Tuesday, July 26, 2011

Follow the Economic Arrows

Remember the days in Econ 101 when the professor drew the seemingly incomprehensible charts on the board (if you remember it as a black board, it means you are old)?  We should have all paid more attention.  Those arrows are coming back to haunt us now with the federal deficit well beyond the comprehension of most taxpayers.

The lesson went like this.  Consumers are savers.  They supply capital to the market in the form of savings.  Businesses require capital to grow; to produce new products and services.  They present the demand for capital. Here the professor drew an elegant upward sloping curve across the board, the arrow pointing toward the sky as if there would be no end to the supply of money.  Then there was the demand curve, a flat line, pointing sharply downward and making it very clear that as the cost of borrowing increases, businesses will demand less capital.  The meeting point of these two lines, represents “equilibrium” the place where suppliers of capital and those who require it are in harmony on interest to be paid.

Now enters the government  -  an indirect player in the supply-demand conversation.  Government is neither a supplier nor user of capital.  Lurking on the sidelines, government claims to be a disinterested party to the capital tug of war.  Unfortunately, every fiscal and monetary decision shoves either savers or users of capital to the right or left. 

If tax receipts are not enough to support the government’s spending plans, it prints out its own credit card by selling treasury bills and bonds.  We all know this leads to deficits.  John Keynes argued that governments should run deficits during difficult times to make up for slack consumer demand.  Then the government should run a surplus during flush times.  Who could disagree with such a social responsive and considerate view?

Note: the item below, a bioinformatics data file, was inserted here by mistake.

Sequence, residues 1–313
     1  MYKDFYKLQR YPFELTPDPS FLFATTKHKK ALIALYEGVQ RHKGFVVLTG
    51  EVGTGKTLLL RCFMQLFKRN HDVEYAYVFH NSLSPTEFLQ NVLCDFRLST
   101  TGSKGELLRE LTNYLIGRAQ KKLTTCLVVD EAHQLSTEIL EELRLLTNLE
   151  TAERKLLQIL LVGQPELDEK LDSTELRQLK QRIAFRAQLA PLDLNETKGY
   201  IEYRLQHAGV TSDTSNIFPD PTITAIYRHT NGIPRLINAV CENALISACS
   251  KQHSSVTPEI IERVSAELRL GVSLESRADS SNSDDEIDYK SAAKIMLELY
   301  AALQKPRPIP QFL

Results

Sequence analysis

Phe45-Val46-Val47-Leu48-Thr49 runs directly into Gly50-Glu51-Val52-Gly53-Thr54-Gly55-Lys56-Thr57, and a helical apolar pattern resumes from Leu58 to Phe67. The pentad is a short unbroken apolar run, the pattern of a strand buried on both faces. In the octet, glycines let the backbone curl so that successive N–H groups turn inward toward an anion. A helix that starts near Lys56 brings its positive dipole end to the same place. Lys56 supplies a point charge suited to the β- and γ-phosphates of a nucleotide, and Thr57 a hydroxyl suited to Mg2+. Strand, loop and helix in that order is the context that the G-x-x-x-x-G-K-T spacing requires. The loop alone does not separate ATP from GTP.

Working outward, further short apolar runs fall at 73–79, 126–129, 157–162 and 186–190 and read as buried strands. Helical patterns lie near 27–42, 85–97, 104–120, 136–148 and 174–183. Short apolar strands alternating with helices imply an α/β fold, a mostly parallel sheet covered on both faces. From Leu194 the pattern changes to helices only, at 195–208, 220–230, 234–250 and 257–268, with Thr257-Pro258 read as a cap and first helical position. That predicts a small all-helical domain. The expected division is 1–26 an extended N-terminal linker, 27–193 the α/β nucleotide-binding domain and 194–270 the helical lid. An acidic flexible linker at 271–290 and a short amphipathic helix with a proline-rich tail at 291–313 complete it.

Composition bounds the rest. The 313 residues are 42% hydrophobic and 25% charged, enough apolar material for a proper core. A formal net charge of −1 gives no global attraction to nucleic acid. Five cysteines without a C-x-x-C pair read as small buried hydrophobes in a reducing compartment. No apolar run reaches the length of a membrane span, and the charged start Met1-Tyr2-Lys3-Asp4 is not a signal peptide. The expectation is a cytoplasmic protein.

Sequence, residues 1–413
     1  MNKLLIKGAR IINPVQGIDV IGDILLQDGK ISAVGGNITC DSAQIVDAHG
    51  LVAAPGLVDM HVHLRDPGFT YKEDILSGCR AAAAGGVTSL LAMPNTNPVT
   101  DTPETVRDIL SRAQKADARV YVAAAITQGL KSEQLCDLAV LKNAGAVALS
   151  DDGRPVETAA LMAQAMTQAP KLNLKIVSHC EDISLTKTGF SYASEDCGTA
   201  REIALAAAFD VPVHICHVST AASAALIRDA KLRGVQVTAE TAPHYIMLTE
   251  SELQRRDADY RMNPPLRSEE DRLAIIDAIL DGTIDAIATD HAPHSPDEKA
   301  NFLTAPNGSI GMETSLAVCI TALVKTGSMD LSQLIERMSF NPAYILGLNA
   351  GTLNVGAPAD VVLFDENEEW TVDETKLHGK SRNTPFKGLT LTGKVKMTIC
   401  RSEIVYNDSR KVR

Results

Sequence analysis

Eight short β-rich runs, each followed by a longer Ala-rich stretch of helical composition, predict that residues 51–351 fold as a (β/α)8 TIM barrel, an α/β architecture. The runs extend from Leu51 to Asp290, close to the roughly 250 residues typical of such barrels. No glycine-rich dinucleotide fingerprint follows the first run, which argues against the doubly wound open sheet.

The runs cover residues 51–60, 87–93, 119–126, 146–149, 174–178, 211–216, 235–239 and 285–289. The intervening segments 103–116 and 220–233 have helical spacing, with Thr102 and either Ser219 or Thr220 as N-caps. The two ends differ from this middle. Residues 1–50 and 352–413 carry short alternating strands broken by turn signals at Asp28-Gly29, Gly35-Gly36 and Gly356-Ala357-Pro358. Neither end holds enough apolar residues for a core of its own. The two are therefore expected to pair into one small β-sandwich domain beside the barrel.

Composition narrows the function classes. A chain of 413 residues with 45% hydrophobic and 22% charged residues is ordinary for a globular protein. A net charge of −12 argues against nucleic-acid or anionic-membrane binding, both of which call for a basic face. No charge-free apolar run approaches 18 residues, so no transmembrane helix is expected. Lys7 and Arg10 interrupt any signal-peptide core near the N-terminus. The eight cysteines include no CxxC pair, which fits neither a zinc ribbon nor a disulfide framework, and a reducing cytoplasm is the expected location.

The problem is that the U.S. government is simply a spendthrift.  Very few presidents and practically no one in Congress are willing to bring spending under control.  We enter one-war after another.  Indeed, we even pick a few fights without provocation, burning up precious military assets and creating new ranks of wounded soldiers to support.  When was the last time a president made any measurable progress in curing the inefficiencies in federal programs?  Is the postal service operating efficiently?  Has Medicare fraud been eliminated?  Has the rampant duplication of effort between federal agencies been eliminated?  Not lately.  No, no and no.

Some politicians would have us believe that we need to rein in spending on entitlement programs such as social security and Medicare.  After all, these categories represent the largest portions of the U.S. budget.  It makes sense to cut here first.  However, the economic arrows point to a fact that rarely gets mentioned in all the political rhetoric.  Members of Congress comprise a group of “insured” people who have the very best in health care insurance coverage and access to the best physicians in the country.  There is something very disingenuous about that idea.

Some of the same politicians feverishly argue for making permanent the lower tax rates introduced by the second George Bush.  Those with higher incomes benefited the most from this move.  Proponents promised that the tax savings would encourage this class to save more, investing in new business and creating jobs.  It happened just as the Republican administration promised  -  the consumers “saved” more money and invested, creating new jobs.

The problem was that at the same time, the new, lower tax rates went into effect, investment returns were substantially higher outside the U.S. than at home.  It does not take a Nobel Laureate like Keynes to follow that economic arrow.  Advances in electronic trading and communications, was making it ever easier for individuals to invest outside the U.S.  Corporations were already getting very skilled at “outsourcing.”  Indeed, the Bush tax cuts led to job creation  -  just not in the U.S.

Can Congress finally follow the economic arrows that to the rest of us seem so clear?  In the coming weeks all taxpayers will have chance to answer that question for themselves.

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